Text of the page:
MONDAY, June 18 (HealthDay News) -- New research shows that the number of prescriptions written for children has dropped by 7 percent in recent years.
Between 2002 and 2010, notable decreases occurred in antibiotic, cough/cold, allergy, pain and depression prescriptions, according to the study, which was conducted by the U.S. Food and Drug Administration. At the same time, there was a rise in the number of asthma, attention-deficit hyperactivity disorder (ADHD) and contraceptive prescriptions.
"Approximately 263 million prescriptions were dispensed to the pediatric population in 2010 -- 7 percent lower than the number of prescriptions dispensed in 2002," the study authors said, adding that the number of prescriptions written for children dropped by 2.4 million each year between 2002 and 2010.
During that time, however, the number of prescriptions written for adults increased by 22 percent, according to the study.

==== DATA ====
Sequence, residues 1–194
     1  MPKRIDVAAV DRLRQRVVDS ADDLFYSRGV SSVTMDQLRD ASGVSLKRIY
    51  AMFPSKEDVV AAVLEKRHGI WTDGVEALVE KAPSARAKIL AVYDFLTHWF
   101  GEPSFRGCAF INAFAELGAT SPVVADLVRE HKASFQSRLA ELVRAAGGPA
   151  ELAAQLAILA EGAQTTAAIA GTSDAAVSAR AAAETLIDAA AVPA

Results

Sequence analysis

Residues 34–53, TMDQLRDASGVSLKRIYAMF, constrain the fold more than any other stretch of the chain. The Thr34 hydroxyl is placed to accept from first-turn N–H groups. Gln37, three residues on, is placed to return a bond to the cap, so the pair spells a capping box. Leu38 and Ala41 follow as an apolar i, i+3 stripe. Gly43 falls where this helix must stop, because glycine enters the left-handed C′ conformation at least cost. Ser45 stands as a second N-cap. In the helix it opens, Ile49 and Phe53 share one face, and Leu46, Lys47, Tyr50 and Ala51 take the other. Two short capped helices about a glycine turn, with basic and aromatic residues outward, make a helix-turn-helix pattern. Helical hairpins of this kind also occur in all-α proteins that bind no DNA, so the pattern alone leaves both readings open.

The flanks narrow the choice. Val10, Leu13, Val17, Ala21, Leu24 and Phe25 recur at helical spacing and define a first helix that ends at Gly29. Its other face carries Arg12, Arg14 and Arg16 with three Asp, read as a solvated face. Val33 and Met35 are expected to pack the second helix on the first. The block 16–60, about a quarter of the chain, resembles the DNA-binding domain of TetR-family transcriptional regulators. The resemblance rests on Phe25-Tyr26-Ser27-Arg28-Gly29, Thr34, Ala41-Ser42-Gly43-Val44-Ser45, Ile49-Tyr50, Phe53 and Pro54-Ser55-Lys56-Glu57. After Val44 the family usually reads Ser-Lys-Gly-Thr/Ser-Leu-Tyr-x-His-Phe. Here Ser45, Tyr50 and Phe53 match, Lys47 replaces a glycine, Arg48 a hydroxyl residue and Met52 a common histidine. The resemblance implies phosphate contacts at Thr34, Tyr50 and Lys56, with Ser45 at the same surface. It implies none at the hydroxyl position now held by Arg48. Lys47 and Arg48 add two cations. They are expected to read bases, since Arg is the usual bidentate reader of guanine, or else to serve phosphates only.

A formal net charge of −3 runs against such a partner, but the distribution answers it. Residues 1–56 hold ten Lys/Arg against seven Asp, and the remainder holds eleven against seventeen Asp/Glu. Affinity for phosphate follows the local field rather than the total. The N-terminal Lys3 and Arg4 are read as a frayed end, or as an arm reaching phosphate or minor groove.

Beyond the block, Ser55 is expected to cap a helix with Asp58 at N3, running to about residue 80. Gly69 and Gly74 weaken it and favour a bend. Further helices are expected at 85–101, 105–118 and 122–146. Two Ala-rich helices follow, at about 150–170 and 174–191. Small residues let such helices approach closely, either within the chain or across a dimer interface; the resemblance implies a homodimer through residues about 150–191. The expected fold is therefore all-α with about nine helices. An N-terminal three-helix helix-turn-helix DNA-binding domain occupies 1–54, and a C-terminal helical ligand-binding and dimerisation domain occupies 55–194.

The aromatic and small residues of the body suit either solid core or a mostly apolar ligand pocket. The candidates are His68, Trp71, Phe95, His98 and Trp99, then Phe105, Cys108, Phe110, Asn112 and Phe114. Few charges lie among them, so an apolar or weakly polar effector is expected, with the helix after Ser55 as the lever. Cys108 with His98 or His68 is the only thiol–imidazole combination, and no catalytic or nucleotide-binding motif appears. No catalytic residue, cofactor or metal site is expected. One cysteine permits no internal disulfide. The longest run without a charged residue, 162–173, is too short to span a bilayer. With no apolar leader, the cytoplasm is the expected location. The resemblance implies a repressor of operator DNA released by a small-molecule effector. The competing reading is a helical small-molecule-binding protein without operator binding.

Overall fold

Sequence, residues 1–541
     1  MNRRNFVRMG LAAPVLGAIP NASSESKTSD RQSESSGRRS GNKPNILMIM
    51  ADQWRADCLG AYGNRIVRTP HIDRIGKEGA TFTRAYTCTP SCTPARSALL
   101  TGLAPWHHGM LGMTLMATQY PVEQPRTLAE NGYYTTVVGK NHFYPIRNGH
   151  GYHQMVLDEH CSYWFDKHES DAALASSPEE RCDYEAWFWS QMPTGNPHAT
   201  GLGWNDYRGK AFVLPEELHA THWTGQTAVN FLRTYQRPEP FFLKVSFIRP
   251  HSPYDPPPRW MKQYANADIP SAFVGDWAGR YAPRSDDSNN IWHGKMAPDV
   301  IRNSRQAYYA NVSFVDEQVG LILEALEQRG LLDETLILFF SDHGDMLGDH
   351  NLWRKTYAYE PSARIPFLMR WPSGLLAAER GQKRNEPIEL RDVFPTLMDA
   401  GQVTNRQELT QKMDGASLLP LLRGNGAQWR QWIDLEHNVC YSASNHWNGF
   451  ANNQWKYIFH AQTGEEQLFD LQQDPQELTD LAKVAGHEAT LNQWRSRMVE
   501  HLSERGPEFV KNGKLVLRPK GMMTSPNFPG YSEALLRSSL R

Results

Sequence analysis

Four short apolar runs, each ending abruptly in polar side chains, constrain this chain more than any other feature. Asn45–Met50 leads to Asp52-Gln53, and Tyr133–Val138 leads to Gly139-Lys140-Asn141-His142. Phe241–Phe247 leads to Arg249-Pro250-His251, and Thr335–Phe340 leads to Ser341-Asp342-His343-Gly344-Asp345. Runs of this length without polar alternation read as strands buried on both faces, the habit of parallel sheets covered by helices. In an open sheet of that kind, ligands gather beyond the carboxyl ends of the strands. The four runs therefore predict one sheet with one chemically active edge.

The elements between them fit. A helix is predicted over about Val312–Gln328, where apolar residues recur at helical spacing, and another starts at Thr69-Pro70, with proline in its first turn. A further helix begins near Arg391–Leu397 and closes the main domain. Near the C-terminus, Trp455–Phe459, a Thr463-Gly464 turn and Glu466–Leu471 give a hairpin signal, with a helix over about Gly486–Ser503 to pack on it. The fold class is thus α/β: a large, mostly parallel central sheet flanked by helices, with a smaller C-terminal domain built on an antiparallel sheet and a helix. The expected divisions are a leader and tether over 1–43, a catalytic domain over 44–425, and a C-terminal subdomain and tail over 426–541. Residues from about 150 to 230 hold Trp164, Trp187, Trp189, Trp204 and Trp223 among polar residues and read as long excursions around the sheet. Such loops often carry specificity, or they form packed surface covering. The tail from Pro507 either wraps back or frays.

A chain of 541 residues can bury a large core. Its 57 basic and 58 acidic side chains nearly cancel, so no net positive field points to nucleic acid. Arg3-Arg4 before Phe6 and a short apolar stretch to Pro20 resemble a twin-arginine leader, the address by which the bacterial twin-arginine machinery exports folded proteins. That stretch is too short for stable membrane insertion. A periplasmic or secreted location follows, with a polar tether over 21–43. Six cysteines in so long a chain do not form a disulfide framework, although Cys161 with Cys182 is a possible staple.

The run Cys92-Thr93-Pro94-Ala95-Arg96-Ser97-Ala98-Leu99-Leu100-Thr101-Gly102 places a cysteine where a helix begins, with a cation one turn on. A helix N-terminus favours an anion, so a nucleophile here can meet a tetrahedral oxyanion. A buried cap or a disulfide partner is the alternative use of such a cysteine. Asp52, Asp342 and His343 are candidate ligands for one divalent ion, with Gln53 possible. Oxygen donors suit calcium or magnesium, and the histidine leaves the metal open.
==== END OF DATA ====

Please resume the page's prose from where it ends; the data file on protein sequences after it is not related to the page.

The findings were released online June 18 and are scheduled to appear in the July print edition of the journal Pediatrics.
The top 10 prescribed drugs for children 17 and under in 2010 included antibiotics, asthma medications and the pain reliever ibuprofen. Antibiotics accounted for approximately one-quarter of all prescriptions written between 2002 and 2010, according to the study.
By 2010, however, the number of antibiotic prescriptions had decreased by 14 percent.
"This could potentially be good news. The antibiotic numbers are consistent with the efforts to decrease the use of antibiotics for upper respiratory infections," said Dr. Kenneth Bromberg, chairman of pediatrics at the Brooklyn Hospital Center in New York City.
He noted, however, that this particular study wasn't designed to tease out the reasons behind a change in medication use, only to determine whether a change occurred.
Still, he said, "It's likely that t
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